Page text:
Citing Climate Change, Bloomberg Backs Obama
In a surprise move just days after a large swath of his city was devastated by Hurricane Sandy, Mayor Bloomberg has penned an OpEd endorsing President Obama in next Tuesday’s election.
Both Obama and Romney have courted Bloomberg, and the mayor has alternately praised and criticized them both – particularly when it comes to the control of illegal guns, an issue on which he has spent heavily in hopes of overcoming the NRA’s clout in D.C.
In a piece published by (where else?) Bloomberg.com, the mayor cited the recent storm and the need to combat climate change as the driving force behind his decision to back Obama just days before voters head to the polls.
“We need leadership from the White House – and over the past four years, President Barack Obama has taken major steps to reduce our carbon consumption, including setting higher fuel-efficiency standards for cars and trucks,” the mayor wrote.
“His administration also has adopted tighter controls on mercury emissions, which will help to close the dirtiest coal power plants (an effort I have supported through my philanthropy), which are estimated to kill 13,000 Americans a year.”
Bloomberg called Mitt Romney a “good and decent man” who “would bring valuable business experience to the Oval Office.”
But he also chastized the former Massachusetts governor for reversing course on a host of issues – immigration, illegal guns, abortion rights and health care – backing away from his previously “sensible” positions in order to court the conservative base of the GOP (which, for the record, once counted the mayor himself as a member).
“If the 1994 or 2003 version of Mitt Romney were running for president, I may well have voted for him because, like so many other independents, I have found the past four years to be, in a word, disappointing,” wrote Bloomberg, who switched his enrollment from the Democratic Party to the GOP before running for mayor in 2001 and then became an independent in 2007 in advance of a never-realized White House bid.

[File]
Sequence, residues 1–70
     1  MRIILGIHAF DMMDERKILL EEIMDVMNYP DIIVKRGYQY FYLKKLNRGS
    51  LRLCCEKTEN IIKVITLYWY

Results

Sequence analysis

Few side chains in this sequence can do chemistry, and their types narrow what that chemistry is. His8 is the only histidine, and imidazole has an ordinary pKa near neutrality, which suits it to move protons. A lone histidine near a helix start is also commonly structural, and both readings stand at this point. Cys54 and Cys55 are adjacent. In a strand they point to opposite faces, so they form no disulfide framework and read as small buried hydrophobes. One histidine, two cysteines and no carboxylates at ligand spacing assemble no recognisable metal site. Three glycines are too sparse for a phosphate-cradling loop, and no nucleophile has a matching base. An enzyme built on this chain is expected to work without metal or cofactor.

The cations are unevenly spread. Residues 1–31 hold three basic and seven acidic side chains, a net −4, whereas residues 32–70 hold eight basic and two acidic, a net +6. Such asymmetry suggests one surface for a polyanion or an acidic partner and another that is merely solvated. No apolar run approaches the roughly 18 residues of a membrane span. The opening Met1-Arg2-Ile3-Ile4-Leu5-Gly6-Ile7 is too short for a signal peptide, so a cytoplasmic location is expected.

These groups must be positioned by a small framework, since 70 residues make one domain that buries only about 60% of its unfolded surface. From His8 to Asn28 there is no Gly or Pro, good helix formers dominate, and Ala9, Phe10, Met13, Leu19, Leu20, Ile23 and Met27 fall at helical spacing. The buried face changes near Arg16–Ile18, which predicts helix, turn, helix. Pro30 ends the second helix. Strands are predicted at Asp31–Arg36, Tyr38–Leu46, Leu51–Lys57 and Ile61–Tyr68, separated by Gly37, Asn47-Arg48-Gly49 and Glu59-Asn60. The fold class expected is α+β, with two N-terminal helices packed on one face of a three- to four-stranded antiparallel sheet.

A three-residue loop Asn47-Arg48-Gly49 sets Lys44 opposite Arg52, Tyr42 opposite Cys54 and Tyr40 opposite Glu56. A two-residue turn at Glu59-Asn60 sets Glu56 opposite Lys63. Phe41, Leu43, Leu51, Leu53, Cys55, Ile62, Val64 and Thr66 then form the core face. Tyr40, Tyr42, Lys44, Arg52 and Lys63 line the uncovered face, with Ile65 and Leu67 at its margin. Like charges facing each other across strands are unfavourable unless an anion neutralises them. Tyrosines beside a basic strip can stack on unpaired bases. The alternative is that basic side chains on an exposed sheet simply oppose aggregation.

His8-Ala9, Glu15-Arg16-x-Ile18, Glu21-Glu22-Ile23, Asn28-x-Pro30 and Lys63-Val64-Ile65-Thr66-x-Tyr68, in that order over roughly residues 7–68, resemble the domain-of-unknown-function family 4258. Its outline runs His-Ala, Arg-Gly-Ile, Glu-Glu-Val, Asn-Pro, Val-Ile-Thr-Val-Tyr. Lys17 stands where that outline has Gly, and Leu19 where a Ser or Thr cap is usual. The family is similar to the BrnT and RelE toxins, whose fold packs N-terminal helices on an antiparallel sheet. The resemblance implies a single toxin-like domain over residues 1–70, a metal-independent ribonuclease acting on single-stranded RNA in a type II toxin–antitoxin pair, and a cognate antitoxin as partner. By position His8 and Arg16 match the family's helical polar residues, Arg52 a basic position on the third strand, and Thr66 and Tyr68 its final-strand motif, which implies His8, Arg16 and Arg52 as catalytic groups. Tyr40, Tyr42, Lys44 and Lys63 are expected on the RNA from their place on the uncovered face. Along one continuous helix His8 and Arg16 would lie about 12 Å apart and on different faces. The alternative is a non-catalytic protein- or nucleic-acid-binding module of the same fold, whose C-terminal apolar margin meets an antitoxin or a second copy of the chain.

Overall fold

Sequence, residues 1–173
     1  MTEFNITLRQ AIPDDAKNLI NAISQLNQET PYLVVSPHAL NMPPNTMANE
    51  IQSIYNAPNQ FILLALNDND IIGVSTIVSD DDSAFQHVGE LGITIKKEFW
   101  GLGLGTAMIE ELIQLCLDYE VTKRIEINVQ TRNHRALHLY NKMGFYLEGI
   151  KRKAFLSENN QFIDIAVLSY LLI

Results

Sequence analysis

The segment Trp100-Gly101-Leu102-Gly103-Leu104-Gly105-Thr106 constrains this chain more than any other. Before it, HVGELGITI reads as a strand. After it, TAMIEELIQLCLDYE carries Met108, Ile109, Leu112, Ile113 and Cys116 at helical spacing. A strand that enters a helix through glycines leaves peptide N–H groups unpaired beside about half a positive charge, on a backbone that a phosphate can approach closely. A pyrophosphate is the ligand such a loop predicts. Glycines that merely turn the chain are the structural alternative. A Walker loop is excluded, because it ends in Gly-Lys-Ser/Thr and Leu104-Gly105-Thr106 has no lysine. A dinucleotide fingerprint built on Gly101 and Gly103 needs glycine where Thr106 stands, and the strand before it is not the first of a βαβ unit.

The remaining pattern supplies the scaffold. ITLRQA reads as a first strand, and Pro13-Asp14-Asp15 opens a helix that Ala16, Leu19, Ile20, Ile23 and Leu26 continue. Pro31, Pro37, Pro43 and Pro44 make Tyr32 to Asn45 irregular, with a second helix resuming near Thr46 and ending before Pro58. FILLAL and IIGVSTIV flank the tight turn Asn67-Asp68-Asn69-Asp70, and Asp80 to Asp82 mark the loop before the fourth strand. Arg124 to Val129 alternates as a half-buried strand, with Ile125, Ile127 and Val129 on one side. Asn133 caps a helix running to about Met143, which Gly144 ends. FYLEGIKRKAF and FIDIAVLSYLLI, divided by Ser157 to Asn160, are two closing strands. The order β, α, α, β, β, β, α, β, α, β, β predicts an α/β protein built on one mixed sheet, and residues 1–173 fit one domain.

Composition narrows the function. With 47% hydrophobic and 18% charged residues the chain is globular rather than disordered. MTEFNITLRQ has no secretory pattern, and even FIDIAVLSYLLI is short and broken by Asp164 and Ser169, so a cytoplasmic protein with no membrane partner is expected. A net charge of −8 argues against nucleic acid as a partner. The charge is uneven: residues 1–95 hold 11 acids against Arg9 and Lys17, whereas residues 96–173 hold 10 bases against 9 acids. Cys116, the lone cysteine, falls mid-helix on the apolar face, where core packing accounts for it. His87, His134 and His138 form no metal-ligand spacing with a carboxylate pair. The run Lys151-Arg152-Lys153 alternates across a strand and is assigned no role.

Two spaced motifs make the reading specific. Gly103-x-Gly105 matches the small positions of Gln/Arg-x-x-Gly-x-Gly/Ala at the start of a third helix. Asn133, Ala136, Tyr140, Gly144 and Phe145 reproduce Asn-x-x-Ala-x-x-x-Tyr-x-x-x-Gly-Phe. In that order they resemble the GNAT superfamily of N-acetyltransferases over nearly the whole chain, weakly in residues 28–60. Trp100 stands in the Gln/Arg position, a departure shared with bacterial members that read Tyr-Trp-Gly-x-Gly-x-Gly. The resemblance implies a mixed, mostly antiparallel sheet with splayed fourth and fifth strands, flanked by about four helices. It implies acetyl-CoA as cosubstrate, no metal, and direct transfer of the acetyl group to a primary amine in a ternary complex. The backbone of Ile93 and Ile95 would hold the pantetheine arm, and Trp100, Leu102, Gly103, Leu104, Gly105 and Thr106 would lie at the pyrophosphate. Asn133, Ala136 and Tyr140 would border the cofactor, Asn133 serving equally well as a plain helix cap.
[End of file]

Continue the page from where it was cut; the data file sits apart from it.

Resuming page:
The mayor was not universal in his praise for Obama. He expressed disappointment that the president had run in 2008 (when Bloomberg neither ran himself nor backed either Obama or his GOP opponent, Sen. John McCain) as a “pragmatic problem-solver and consensus-builder” and then devoted little time to building and sustaining a centrist coalition once he got into office.
(Bloomberg has put his centrist money where his mouth is this election cycle, recently creating a Super PAC called Independence USA and pledging to spend $10 million to $15 million to help elect moderates on both sides of the aisle.
Bloomberg also reiterated his dismay that neither Obama nor Romney has offered much in the way of a specific plan to balance the budget and get the economy back on track.
The mayor also said he is more in line with Obama on a number of other key issues, including abortion rights and same-sex marriage, for which Obama only this year expressed his personal support.
Bloomberg said he hopes Obama can, if re-elected, figure out a way to work with a divided Congress, noting that both Presidents Bill Clinton and Ronald Reagan managed to do so.
“(P)resident Obama can, too,” the mayor wrote. “If he listens to people on both sides of the aisle, and builds the trust of moderates, he can fulfill the hope he inspired four years ago and lead our country toward a better future for my children and yours. And that’s why I will be voting for him.”
|Print article||This entry was posted by Liz Benjamin on November 1, 2012 at 3:21 pm, and is filed under Barack Obama, Michael Bloomberg, Mitt Romney, Uncategorized. Follow any responses to this post through RSS 2.0. Both comments and pings are currently closed.|